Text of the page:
risk management

Risk Management Tools: Helping Connecticut Farms Grow

Horsebarn Hill at UConn
A view of Horsebarn Hill at sunrise on July 20, 2017. (Peter Morenus/UConn Photo)

“Agriculture is inherently a risk filled profession,” says Associate Extension Educator Joseph Bonelli. “Utilizing risk management is a tool for farmers to minimize the impacts of threats they can’t completely control by reducing the impact of certain dangers on their farm business.”

UConn Extension has a United States Department of Agriculture (USDA) Risk Management Association (RMA) grant for farmers and growers, specifically focusing on crop insurance and its options. USDA offers fewer disaster assistance funds, and wants farmers to take a greater interest in managing their risks and related financial impacts. The program is designed to create a safety net for operations through insurance for weather incidents, pests, or a lack of market.

The beauty of the programming is that Extension educators can weave in other topics of interest in areas of risk management for farmers. Examples include production risk, plant diseases, or labor. RMA covers any practice that mitigates risk on a farm operation.

“I enjoy helping farmers develop solutions to problems,” Bonelli states. “I ask them what keeps them up at night. For many farmers its problems that risk management can help them mitigate. Extension helps farmers understand the tools that are available, and grow the farm for the next generation.”

Mary Concklin, Visiting Associate Extension Educator for Fruit Production and IPM, is the co- principal investigator on the RMA grant with Bonelli. An advisory board of 12 people meets annually to provide input on programming. Members of the committee include Extension educators, Farm Bureau, the Department of Agriculture, and industry organizations.

Programs offered include workshops and one-on-one sessions with technical advisors. The RMA program has a suite of educational resources. A video series was created featuring farmers from different sectors of agriculture discussing how crop insurance has helped their operation. A monthly e-newsletter was recently introduced. Each issue showcases a farmer, and provides tips that farmers can immediately put into practice.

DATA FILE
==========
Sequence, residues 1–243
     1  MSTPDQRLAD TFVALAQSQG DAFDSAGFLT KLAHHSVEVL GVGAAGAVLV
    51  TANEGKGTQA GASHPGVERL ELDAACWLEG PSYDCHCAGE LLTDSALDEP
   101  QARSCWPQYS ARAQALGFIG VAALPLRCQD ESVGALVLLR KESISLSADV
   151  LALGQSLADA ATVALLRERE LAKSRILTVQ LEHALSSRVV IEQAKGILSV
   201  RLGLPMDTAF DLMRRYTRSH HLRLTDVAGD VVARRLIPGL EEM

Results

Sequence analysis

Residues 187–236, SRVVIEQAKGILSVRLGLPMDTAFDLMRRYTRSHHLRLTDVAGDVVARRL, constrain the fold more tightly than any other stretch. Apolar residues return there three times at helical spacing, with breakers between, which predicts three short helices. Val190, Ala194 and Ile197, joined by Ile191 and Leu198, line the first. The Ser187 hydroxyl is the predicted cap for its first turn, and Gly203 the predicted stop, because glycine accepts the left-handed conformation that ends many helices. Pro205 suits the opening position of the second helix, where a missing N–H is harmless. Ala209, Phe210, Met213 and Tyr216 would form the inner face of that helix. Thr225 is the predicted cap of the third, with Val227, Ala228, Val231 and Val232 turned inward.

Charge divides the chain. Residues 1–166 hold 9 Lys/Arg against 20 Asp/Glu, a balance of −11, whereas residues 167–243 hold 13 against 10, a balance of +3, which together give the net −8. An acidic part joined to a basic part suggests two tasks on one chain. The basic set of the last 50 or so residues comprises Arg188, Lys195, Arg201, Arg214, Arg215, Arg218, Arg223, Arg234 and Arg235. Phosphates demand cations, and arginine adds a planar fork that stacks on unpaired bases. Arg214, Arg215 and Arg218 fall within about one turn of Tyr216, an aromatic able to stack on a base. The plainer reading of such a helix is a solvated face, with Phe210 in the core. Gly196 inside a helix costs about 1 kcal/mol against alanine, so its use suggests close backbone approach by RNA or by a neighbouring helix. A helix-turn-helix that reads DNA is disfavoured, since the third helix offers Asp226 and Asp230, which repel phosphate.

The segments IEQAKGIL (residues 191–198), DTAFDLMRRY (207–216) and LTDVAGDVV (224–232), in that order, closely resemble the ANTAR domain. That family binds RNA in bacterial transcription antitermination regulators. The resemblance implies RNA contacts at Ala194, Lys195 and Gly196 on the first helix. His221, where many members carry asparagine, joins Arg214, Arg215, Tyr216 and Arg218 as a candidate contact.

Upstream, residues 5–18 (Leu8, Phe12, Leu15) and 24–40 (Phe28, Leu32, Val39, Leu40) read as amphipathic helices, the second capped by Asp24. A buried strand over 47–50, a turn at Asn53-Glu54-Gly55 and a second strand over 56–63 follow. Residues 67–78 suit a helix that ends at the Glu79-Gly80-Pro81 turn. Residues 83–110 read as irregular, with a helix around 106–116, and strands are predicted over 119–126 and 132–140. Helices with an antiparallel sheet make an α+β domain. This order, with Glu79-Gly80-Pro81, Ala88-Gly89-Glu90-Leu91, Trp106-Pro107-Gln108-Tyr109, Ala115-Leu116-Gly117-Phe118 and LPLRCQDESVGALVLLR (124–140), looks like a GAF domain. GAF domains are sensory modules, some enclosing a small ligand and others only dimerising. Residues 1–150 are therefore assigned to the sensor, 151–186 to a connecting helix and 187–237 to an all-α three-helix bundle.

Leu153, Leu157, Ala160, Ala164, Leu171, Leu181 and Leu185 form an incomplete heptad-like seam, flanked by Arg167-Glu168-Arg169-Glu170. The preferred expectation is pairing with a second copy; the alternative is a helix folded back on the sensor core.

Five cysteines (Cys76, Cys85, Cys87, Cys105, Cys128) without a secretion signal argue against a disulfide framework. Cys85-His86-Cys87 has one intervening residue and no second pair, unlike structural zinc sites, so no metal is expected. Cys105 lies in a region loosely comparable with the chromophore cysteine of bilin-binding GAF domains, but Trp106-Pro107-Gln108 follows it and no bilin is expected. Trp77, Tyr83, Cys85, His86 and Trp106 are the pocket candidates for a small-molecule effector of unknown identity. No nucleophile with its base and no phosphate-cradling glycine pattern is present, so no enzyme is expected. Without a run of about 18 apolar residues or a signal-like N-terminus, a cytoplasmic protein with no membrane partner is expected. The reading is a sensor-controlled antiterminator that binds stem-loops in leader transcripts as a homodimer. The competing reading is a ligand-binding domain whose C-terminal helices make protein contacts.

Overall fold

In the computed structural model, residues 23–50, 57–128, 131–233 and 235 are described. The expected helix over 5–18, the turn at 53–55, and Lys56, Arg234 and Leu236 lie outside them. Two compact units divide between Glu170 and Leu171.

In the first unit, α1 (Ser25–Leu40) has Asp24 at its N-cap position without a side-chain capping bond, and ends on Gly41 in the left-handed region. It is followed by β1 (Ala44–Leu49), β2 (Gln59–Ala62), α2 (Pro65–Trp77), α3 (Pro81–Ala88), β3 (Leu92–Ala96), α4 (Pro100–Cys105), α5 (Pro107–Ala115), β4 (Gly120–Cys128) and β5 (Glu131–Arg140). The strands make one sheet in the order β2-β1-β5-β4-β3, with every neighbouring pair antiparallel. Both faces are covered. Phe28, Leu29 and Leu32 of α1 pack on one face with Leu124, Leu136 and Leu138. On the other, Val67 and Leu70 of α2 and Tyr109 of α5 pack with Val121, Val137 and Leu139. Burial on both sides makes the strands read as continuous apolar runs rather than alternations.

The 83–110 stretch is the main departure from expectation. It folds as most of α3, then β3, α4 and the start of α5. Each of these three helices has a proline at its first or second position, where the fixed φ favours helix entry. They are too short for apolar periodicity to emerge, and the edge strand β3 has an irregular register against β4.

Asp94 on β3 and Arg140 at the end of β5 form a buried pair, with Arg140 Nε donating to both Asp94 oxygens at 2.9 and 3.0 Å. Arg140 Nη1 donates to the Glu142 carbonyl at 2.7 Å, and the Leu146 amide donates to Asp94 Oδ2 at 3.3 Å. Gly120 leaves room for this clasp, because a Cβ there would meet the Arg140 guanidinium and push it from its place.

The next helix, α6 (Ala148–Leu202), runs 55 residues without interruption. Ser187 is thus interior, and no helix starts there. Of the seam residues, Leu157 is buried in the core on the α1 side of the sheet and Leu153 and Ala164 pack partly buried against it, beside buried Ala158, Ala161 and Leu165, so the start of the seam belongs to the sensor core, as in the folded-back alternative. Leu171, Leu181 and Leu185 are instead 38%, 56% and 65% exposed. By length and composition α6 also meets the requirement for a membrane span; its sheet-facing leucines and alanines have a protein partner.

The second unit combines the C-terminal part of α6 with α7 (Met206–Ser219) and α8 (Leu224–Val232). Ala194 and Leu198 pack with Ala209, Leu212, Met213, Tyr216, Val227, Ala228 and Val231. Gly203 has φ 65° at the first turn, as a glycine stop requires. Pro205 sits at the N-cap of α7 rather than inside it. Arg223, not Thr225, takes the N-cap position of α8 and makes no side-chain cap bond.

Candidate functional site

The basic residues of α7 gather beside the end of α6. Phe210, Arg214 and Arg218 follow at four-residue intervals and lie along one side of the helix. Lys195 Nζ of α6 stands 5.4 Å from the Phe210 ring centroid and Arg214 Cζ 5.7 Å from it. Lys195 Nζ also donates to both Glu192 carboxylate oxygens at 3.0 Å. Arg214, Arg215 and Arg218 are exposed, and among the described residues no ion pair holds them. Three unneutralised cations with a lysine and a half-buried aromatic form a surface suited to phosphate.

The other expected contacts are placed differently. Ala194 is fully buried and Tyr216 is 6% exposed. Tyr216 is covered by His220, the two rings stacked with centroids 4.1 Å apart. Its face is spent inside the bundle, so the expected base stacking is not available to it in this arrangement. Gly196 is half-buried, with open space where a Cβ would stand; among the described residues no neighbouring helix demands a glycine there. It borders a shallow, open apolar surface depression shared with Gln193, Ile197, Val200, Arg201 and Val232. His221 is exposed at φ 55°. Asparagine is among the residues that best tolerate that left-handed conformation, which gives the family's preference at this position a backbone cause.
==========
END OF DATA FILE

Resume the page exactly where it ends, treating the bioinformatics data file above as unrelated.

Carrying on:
Agricultural producers appreciate that RMA programs have an impartial approach, and are not trying to sell anything. Program instructors serve as technical advisors and a sounding board.

UConn Extension is part of a network of information through our association with other land grant universities and Extension systems, and brings in outside expertise as it’s needed by our farmers. Risk management is also incorporated into other UConn Extension programs for agricultural producers.

Connecticut farmers have experienced a tremendous shift from wholesale to retail marketing. The demands on farmers and growers to understand how to promote and market value added crops has added another level of responsibility, where before farmers only focused on production. Direct marketing brings another whole area of risk through product liability and competition.

Not all national crop insurance programs fit Connecticut agriculture. Farmers need to make an informed decision
based on the facts as to whether or not a policy fits their business, and should be purchased. Bonelli and Concklin provide feedback to USDA on the reasons why Connecticut farmers choose not to purchase insurance, with the goal of improv- ing federal programs available.

“We try to be on the leading edge of what’s new to help farmers be more productive and financially viable,” Bonelli concludes. “It’s rewarding that UConn Extension is part of the success and resiliency of farmers in our state. No one organization is responsible, we’re part of a team working with the farmers to grow their businesses.”

Article by Stacey Stearns

Real Farmers, Real Risks: Interview with Preston Ridge Vineyards

Article by Evan Lentz